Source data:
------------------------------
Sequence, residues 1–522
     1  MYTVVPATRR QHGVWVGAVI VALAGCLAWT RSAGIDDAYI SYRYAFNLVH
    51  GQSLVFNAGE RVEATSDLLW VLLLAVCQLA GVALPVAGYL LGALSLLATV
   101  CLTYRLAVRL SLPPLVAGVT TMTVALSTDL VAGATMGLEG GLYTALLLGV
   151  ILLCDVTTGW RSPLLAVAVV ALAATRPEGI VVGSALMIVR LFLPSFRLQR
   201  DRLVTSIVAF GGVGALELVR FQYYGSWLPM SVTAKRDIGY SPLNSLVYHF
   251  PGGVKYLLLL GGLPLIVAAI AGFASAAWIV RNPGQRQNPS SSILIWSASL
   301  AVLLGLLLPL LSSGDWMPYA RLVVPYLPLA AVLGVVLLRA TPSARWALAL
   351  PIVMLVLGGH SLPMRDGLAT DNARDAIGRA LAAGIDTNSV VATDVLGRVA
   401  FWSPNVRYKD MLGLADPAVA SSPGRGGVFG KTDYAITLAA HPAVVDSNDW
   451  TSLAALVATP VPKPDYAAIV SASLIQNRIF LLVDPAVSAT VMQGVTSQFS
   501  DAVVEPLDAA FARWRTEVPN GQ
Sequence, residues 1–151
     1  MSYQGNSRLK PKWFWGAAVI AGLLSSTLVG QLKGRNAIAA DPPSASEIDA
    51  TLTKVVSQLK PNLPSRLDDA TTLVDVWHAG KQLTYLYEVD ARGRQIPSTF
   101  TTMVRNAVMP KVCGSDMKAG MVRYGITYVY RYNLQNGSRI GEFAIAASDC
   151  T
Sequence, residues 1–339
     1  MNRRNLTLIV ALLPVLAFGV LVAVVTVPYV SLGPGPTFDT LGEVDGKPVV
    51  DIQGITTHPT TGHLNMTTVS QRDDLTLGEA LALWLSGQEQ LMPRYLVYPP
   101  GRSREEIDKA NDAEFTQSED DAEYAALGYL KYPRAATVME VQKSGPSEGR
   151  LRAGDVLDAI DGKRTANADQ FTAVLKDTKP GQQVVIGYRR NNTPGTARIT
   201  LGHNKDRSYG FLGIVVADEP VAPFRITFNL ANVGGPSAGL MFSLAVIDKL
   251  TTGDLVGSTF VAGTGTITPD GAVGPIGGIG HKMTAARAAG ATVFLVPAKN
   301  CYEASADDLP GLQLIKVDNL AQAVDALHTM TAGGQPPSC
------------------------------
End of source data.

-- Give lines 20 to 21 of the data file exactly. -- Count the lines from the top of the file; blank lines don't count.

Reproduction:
    51  DIQGITTHPT TGHLNMTTVS QRDDLTLGEA LALWLSGQEQ LMPRYLVYPP
   101  GRSREEIDKA NDAEFTQSED DAEYAALGYL KYPRAATVME VQKSGPSEGR